where sH is the cylinder diameter in mm for the somatosensory modality, JNDST = 0.897 nC and JNDV = 2.617 mm are the 84% discrimination thresholds for the neural stimulation and visual cue obtained in the preliminary experiments, and I60 = 14 nC is the intermediary level of stimulation that was selected to represent the standard stimulus. The neural stimulation intensities used during the visuo-haptic task were 12.28 nC (55 mm), 12.97 nC (57 mm), 13.31 nC (58 mm), 13.66 nC (59 mm), 14 nC (60 mm reference), 14.34 nC (61 mm), 14.69 nC (62 mm), 15.03 nC (63 mm) and 15.71 nC (65 mm). The stimulation train frequency was fixed at 50 Hz.

Figure 4
figure 4

From cylinder diameter to neural stimulation. Left: Electrical stimulation discrimination experiment. On the x-axis, the electrical stimulation injected for the comparison stimulus (in nC). On the y-axis, the proportions of trials where the comparison stimulus (horizontal axis) appeared larger than the standard (vertical solid line). Black dots corresponds to the data points. Each stimulus was presented 10 times (N = 90). The psychometric function (solid curve) represent the probability of judging the comparison stimulus to be larger than the standard. The horizontal distance between the two dashed lines corresponds to the JND. Right: Mapping between the electrical stimulation and the stimuli size. The grey scale above the top margin indicates the charges used in the main experiment as artificial somatosensory stimuli. Black dots correspond to data points and empty dots indicate the probability of judging the comparison stimulus (horizontal axis) larger than the standard (vertical line) for the different stimulation levels (grey scale).

Data analysis

The responses of the participant in each condition were fitted with a cumulative normal probability distribution using maximum likelihood estimation, i.e. with a Generalized Linear Model (GLM) with the comparison stimulus as predictor, Bernouilli error distribution and a probit link function to obtain a psychometric function representing the probability of judging the comparison stimulus as larger than the standard stimulus. Goodness of fit was assessed with Pearson’s χ2 normal goodness-of-fit test for generalized linear models.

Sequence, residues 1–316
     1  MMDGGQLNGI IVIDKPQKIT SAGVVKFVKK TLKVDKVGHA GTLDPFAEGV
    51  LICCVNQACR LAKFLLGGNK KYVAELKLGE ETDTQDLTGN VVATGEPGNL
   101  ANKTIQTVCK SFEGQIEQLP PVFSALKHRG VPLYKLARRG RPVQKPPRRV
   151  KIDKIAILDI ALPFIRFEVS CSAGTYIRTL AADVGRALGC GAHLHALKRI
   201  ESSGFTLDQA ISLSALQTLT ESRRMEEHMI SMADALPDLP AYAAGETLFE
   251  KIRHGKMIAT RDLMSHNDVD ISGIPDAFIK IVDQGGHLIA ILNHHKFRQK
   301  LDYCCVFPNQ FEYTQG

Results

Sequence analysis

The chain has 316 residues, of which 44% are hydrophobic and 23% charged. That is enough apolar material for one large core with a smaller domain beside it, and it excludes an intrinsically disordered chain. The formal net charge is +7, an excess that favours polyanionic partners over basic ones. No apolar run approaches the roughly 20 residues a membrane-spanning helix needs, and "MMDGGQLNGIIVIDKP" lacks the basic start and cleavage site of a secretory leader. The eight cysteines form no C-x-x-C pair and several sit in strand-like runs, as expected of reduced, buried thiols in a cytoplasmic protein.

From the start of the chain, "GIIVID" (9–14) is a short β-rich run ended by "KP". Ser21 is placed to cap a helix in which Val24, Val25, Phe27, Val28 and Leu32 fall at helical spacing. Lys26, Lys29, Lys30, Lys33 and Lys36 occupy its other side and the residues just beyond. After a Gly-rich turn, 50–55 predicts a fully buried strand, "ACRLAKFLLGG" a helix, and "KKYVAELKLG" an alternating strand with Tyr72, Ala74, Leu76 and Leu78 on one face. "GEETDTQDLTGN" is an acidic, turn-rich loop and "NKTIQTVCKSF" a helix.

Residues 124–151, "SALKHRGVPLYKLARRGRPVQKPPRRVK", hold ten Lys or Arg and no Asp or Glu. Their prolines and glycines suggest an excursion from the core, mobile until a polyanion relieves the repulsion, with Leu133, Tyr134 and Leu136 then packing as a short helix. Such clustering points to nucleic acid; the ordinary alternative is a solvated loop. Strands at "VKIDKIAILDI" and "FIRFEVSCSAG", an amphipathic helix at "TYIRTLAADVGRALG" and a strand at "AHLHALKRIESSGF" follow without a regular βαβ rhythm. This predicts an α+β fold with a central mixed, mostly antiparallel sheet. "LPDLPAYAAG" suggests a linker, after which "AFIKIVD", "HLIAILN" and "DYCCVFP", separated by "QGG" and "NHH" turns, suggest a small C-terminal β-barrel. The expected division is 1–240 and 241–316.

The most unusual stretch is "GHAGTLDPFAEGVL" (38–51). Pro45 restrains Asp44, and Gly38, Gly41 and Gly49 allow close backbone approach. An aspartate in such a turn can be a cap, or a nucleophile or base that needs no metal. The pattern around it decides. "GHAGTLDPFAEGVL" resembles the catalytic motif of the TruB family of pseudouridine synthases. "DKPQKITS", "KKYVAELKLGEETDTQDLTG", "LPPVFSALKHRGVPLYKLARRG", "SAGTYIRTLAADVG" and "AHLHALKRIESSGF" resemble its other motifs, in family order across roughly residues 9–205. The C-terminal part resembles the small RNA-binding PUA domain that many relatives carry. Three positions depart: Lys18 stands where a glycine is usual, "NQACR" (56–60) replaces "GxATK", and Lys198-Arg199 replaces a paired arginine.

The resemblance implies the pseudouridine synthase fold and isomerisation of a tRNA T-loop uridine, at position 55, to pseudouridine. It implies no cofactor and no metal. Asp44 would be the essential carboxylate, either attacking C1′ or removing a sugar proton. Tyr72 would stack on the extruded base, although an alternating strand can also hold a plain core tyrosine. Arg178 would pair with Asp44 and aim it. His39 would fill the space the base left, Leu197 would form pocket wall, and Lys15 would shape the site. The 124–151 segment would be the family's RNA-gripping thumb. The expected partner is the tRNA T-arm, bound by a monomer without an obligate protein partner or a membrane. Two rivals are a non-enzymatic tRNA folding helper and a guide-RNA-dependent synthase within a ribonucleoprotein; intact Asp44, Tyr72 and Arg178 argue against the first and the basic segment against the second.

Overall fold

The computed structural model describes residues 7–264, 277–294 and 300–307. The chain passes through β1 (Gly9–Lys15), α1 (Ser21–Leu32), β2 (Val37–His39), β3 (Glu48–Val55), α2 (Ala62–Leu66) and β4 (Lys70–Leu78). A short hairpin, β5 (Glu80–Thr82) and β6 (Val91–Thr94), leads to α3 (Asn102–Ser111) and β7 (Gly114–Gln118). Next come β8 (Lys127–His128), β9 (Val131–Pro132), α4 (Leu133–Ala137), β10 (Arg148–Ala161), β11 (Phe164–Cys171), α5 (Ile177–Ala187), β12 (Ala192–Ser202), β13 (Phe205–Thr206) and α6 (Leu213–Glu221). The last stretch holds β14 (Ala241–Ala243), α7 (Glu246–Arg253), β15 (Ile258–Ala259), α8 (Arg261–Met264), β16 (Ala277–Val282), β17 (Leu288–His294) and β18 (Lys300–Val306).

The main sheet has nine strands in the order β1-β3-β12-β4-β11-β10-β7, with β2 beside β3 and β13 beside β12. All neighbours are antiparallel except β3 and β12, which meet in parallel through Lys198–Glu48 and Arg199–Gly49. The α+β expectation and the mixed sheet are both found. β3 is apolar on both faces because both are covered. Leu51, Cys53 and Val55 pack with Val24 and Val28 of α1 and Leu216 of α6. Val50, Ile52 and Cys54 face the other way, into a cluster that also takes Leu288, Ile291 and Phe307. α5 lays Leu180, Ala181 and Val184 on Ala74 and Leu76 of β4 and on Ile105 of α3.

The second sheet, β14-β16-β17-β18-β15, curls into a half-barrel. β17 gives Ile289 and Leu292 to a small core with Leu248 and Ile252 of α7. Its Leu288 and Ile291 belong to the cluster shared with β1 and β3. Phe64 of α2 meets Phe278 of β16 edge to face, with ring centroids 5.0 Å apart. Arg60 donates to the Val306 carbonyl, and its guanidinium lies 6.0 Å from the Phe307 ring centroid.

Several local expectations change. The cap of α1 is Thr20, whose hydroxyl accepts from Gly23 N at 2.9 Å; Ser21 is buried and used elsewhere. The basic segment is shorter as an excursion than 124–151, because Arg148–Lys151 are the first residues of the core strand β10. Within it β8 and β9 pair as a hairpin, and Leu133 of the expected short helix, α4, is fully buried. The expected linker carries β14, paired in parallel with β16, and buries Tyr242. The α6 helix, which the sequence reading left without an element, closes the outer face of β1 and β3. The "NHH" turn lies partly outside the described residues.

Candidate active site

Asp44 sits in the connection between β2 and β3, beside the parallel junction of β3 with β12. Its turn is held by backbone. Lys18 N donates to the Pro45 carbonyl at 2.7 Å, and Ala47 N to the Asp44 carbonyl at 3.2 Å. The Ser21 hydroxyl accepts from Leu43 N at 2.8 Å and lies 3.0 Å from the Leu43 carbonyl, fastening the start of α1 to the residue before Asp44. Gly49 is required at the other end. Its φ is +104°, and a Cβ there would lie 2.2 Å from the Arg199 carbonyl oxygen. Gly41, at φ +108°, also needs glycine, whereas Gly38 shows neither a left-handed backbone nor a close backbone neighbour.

The two unimodal conditions were fitted separately. To obtain a common slope estimate, the three bimodal conditions were fitted together, with a different intercept for each condition. For each psychometric curve, we computed the point of subjective equality (PSE), i.e. the cylinder diameter that was perceived as larger than the standard in 50% of the trials. We also computed the discrimination threshold - or Just Noticeable Difference (JND) – as the difference between the PSE and the cylinder diameter that is perceived to be larger than the standard in 84% of the trials. 84% JND corresponds to the standard deviation of the normal distribution underlying the psychometric function and is an estimate of the noise associated with the unimodal or bimodal cues. We computed the 95% confidence interval for the PSE and JND from 5000 parametric bootstrap samples with x fixed46. In the Results, we report the JND and the standard deviation of the bootstrap distribution.

The p-values for the pairwise difference in PSEs (or JNDs) between conditions were obtained by inverting the percentile bootstrap confidence intervals. Specifically, for each difference in PSEs (or JNDs), we computed the resampling distribution of the difference and the p value that corresponded to the largest equi-tailed confidence interval that excluded zero. We then adjusted this p-value for False Discovery Rate to account for the multiple comparisons involved in these pairwise tests. The difference between the optimal (MLE) JND and the bimodal JND was tested in a similar manner. We report the mean and standard deviation of the difference between the two bootstrap distributions.

To examine whether the performance improved during the experiment, we compared early and late trials by adding a predictor in the GLM models to indicate whether the trial belonged to the first or the second half of the condition. As before, the three bimodal conditions were fitted together with a common slope but a different intercept for each condition. We report the p value associated with this predictor.